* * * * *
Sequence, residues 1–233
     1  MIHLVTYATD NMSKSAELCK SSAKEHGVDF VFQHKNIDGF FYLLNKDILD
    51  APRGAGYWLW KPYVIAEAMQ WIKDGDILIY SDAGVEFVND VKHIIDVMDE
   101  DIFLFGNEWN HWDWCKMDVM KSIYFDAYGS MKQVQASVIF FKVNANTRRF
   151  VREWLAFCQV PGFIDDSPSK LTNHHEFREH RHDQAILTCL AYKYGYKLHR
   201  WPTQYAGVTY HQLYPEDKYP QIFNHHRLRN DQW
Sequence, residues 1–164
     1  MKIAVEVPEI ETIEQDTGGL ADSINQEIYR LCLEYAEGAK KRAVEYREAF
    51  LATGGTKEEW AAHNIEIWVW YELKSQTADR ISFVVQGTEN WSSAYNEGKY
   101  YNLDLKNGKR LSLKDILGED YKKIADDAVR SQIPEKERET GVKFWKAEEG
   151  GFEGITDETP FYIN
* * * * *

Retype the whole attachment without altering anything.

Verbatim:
Sequence, residues 1–233
     1  MIHLVTYATD NMSKSAELCK SSAKEHGVDF VFQHKNIDGF FYLLNKDILD
    51  APRGAGYWLW KPYVIAEAMQ WIKDGDILIY SDAGVEFVND VKHIIDVMDE
   101  DIFLFGNEWN HWDWCKMDVM KSIYFDAYGS MKQVQASVIF FKVNANTRRF
   151  VREWLAFCQV PGFIDDSPSK LTNHHEFREH RHDQAILTCL AYKYGYKLHR
   201  WPTQYAGVTY HQLYPEDKYP QIFNHHRLRN DQW
Sequence, residues 1–164
     1  MKIAVEVPEI ETIEQDTGGL ADSINQEIYR LCLEYAEGAK KRAVEYREAF
    51  LATGGTKEEW AAHNIEIWVW YELKSQTADR ISFVVQGTEN WSSAYNEGKY
   101  YNLDLKNGKR LSLKDILGED YKKIADDAVR SQIPEKERET GVKFWKAEEG
   151  GFEGITDETP FYIN